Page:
Skip to main content

What can we learn from the SARS-COV-2 pandemic about the value of specific radiological examinations?

Abstract

Background

The SARS-COV-2 pandemic provides a natural intervention to assess practical priority setting and internal evaluation of specific health services, such as radiological services. Norway makes an excellent case as it had a very low infection rate and very few cases of COVID-19. Accordingly, the objective of this study is to use the changes in performed outpatient radiological examinations during the first stages of the SARS-COV-2 pandemic to assess the practical evaluation of specific radiological examinations in Norway.

Methods

Data was collected retrospectively from the Norwegian Health Economics Administration (HELFO) in the years 2015–2020. Data included the number of performed outpatient imaging examinations at public hospitals and private imaging centers in Norway and was divided in to three periods based on the level of restrictions on elective health services. Results were analyzed with descriptive statistics.

Results

In the first period there was a 45% reduction in outpatient radiology compared to the same time period in 2015–2019 while in period 2 and 3 there was a 25 and 6% reduction respectively. The study identified a list of specific potential low-value radiological examinations. While some of these are covered by the Choosing Wisely campaign, others are not.

Conclusion

By studying the priority setting practice during the initial phases of the pandemic this study identifies a set of potential low value radiological examinations during the initial phases of the SARS-COV-2 pandemic. These examinations are candidates for closer assessments for health services quality improvement.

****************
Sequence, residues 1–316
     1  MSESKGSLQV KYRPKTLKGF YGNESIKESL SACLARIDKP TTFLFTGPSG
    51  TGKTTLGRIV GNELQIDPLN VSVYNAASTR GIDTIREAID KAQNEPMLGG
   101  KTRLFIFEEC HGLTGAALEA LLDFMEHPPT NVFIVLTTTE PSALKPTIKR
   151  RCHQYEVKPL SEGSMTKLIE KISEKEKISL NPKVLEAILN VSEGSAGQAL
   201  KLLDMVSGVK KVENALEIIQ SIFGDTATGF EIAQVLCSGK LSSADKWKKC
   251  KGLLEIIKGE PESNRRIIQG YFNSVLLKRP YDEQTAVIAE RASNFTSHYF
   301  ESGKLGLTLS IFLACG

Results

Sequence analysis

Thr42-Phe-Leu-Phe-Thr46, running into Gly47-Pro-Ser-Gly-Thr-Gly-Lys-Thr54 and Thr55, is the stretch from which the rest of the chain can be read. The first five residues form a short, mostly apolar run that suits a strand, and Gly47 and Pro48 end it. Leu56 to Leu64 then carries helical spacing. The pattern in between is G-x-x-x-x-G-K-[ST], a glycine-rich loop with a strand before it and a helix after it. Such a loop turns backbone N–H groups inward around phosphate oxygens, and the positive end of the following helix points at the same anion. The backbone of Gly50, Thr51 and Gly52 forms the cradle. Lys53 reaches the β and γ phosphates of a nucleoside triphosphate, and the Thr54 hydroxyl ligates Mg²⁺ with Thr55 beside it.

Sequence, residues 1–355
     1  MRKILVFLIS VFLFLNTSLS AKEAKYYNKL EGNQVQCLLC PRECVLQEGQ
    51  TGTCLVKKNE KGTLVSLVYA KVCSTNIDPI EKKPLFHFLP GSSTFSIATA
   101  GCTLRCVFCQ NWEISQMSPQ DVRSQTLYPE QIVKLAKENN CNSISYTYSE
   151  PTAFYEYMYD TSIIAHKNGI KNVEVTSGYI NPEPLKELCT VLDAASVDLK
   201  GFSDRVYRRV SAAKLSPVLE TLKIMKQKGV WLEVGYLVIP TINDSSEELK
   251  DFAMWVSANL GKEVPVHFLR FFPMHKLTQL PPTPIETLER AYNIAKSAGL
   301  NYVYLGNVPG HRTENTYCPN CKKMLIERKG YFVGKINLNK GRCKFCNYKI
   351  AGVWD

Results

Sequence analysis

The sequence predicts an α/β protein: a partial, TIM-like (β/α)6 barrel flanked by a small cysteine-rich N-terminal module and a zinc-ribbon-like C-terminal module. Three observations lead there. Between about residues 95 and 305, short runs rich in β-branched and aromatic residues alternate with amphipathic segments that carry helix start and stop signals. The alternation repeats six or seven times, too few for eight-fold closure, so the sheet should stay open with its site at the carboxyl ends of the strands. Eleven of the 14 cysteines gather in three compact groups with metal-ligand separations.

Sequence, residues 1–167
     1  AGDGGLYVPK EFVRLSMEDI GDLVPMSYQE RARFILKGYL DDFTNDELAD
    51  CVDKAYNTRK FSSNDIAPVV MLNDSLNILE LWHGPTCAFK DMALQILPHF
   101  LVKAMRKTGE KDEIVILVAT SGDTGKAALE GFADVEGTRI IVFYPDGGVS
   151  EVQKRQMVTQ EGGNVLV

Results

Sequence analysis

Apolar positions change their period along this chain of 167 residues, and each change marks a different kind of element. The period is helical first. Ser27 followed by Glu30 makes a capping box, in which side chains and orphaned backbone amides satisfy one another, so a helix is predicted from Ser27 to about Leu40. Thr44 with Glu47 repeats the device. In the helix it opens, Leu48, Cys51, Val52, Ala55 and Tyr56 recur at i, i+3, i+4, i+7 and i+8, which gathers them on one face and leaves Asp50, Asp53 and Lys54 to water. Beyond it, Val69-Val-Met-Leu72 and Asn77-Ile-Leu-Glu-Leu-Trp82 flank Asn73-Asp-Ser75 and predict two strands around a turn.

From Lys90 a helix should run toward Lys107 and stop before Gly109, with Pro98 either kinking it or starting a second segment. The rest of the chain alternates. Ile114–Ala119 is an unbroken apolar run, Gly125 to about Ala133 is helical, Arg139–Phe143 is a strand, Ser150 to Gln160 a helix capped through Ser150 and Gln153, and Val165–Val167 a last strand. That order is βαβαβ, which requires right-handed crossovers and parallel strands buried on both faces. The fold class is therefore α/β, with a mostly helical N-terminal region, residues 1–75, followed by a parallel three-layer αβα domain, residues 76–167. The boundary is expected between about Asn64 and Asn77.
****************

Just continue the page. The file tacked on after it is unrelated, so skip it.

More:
Peer Review reports

Key points

  • The SARS-COV-2 pandemic has reduced the outpatient radiological examinations with 45, 25 and 6% during the three initial phases of the pandemic.

  • The pandemic provides a natural intervention to study the value of specific radiological examinations.

  • A set of specific examinations are identified as candidates for health services quality improvement.

Introduction

During the first period of the SARS-COV-2 pandemic in Norway (March–June 2020), activities at Norwegian hospitals were reduced to a minimum, including postponing outpatient services, elective surgery, and scheduled follow ups. However, the number of persons affected by the pandemic was very small compared to other countries. Figure 1 shows some key figures for the first months of the outbreak in Norway. By June 30 there were 251 covid-19 related deaths in Norway.